Some stories are just too good to pass up. Some stories blow you away, in a manner of speaking. The anniversary of our biggest gale is almost upon us and we are challenging our authors to write the story, yet again. This time, however, we shall use the words of some of our neighbors who lived through it.
The Long Island Express blew into our area on September 21st, 1938. Following, are some narratives from some of our neighbors.
My family was renting a house for the summer in 1938 in Westhampton on Dune Road. It was a big house, right near the ocean. I was little and young then but we have photos taken on the beach in front of the house. The hurricane came and we had to leave, of course. And it turns out our house was one of the few remaining standing, since it had a basement. And it is still there today.
Babs Kouts, Brookhaven, NY
Our house was at XXX Dune Road. The air conditioner in my little room blew in and sand began to pile up against the door. My mother forced it open, got me out and put me in the back seat of the garaged Dodge with a pack of cards to play with. (Doubtless it is why I eventually went on to a career in the great casino of Wall Street.) Next door to the West was the Penniman “cottage” where the barrier dune was at a very low spot.
The first part of the storm featured very high wind. Mother watched as a back porch ice chest, filled with blocks of ice, took off as if made of paper and was wind borne away into the marsh to the North of the Dune Road. She had talked by telephone with Mrs. Gilbert (Peggy Stanton’s mother) who had rented the house for the summer and had decided to go East with her children when the eye came. (She and family ended up spending the night in the Tiana Beach Life Saving Station feeling lucky to be alive.)
But we went West. The eye of the hurricane featured the sun coming out, seagulls flying around and an eerie calm. The Dodge held my mother, me and Lizzie, our elderly cook who had been in the room as a sixteen year old servant girl when my father was born at home. We made it to the Quogue beach Club.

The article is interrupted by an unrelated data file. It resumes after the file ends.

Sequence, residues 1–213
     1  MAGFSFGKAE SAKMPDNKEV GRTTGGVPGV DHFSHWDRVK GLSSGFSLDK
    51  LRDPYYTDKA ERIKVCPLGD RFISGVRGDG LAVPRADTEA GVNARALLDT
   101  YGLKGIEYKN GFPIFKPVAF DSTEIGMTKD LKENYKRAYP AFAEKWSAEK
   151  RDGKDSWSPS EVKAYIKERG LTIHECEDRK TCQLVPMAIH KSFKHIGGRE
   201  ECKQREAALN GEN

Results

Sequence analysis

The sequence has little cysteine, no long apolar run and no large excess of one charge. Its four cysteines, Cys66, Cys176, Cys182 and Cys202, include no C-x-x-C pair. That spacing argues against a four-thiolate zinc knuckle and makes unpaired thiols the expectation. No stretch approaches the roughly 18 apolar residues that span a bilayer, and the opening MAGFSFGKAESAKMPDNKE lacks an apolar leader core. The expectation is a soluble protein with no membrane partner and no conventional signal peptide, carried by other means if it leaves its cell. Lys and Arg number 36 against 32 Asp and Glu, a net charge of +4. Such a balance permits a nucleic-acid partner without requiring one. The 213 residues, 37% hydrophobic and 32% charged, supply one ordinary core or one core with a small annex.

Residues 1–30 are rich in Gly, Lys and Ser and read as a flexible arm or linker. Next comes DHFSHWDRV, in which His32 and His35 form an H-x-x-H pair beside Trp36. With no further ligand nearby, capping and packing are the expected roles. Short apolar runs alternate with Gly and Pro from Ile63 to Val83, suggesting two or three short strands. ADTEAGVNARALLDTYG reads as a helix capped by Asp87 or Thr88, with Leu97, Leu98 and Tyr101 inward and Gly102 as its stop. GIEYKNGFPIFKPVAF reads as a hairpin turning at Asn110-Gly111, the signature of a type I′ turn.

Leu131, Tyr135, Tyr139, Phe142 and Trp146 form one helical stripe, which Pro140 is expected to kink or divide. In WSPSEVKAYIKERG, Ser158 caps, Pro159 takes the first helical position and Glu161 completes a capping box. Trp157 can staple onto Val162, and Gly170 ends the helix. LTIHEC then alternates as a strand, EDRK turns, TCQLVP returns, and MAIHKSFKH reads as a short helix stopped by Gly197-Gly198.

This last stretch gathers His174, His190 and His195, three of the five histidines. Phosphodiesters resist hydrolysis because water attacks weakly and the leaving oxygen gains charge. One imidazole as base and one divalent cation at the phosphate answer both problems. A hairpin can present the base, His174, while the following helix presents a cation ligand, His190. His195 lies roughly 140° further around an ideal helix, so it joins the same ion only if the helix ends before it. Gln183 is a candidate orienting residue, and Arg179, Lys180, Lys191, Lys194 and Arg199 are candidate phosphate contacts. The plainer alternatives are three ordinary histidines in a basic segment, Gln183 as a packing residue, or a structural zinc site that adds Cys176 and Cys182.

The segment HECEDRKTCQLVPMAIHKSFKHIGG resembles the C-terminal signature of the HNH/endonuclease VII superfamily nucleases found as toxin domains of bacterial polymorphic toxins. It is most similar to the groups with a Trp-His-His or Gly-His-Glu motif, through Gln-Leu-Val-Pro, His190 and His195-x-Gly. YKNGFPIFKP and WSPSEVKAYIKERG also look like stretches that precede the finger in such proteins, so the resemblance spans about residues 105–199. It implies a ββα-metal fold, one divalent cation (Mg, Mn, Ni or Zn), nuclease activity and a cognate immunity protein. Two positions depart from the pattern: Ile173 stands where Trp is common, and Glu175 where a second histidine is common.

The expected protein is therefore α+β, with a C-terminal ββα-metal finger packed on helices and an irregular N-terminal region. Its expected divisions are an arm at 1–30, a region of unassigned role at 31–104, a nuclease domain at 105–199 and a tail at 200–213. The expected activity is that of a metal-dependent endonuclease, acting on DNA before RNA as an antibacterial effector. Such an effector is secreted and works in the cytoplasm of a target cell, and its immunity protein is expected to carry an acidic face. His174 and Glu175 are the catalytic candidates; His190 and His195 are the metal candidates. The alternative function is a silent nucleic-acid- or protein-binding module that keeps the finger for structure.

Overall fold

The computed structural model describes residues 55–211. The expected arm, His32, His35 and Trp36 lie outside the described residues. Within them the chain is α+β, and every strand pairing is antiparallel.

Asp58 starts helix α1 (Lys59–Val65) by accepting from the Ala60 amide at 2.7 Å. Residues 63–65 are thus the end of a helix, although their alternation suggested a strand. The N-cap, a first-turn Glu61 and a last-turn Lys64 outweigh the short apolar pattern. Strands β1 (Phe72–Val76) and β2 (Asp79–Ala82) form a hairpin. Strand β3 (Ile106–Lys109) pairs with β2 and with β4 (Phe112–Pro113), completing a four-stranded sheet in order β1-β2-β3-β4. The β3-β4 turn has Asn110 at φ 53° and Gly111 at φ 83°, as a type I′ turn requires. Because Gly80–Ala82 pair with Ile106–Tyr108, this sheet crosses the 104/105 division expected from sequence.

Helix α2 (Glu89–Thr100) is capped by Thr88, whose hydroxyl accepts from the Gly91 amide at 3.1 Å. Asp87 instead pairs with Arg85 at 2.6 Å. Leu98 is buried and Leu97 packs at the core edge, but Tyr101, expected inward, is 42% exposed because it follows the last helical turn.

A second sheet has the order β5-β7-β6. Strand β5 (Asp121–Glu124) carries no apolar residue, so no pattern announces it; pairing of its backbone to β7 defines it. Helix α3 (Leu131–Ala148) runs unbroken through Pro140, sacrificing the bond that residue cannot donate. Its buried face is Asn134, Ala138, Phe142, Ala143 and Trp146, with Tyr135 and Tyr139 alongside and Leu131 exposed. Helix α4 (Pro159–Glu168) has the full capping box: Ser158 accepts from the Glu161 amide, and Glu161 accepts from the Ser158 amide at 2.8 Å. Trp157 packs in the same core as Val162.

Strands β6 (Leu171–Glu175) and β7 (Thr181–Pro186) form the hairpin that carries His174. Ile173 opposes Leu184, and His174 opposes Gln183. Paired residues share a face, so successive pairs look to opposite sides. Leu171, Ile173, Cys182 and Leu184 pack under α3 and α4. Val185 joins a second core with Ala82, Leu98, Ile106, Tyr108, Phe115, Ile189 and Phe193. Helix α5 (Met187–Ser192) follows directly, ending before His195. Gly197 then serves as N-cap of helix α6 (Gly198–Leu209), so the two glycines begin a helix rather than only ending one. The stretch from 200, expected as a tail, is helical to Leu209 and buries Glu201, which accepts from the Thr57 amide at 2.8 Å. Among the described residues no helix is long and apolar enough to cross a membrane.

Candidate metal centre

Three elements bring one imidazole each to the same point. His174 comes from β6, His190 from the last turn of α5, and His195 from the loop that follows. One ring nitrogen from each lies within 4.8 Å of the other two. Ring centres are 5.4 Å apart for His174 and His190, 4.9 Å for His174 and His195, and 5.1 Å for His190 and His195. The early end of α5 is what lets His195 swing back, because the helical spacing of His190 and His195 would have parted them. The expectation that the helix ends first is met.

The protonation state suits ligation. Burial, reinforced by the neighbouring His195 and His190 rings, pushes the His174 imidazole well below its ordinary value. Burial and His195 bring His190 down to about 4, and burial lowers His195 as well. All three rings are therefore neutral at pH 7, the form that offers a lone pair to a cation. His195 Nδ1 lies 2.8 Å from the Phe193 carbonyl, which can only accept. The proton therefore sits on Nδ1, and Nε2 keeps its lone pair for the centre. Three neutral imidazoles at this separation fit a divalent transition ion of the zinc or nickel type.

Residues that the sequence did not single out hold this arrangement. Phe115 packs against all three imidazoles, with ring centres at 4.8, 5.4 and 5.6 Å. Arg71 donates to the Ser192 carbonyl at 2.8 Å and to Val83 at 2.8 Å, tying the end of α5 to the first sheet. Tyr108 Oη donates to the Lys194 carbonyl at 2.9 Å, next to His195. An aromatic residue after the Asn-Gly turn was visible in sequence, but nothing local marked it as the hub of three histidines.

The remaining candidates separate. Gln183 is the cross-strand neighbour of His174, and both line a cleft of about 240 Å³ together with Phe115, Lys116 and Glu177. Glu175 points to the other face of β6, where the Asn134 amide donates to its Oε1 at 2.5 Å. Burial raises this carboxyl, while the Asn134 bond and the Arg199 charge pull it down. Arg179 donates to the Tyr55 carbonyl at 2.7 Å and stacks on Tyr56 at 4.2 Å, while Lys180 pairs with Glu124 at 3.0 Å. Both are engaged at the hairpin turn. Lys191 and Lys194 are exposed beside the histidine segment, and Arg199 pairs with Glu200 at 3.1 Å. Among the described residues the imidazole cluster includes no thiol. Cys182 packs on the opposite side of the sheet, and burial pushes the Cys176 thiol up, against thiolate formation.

With water over the engine, the auto stopped. We got out into the water, my mother carrying me on her shoulders. Wading up to their necks, Mom and Lizzie struggled through the water to the old bridge at the end of Beach Lane.
There Quogue’s one village taxi, owned and run by Mr. Randall, awaited a Beach Club patron who never arrived, having walked away much earlier before Mr. Randall had arrived.
Things were beginning to blow again so we climbed into Randall’s taxi and went off to the vonHennig’s house where Schweste Marie, a Swiss friend of Lizzie, took care of two children roughly my contemporaries, Pupa and Dieter.
The second half of the hurricane arrived, featuring the tidal wave which carried away the Penniman cottage, two Cauchois houses, half of East House, belonging to Johnny Post’s family & later rented to John O’Hara, and possibly several others between our house and the Quogue Beach Club.
My father, working in the city, had seen the hurricane pennant atop the W.R. Grace building in the City and, having been a Navy pilot in World War I, knew what it meant. He caught that afternoon’s last train east to Long Island, The storm hit and blew down trees over the tracks so that several times the men on the train had to go outside with fire axes and chop them away. Finally in the dead of night, the train could go no further than Speonk.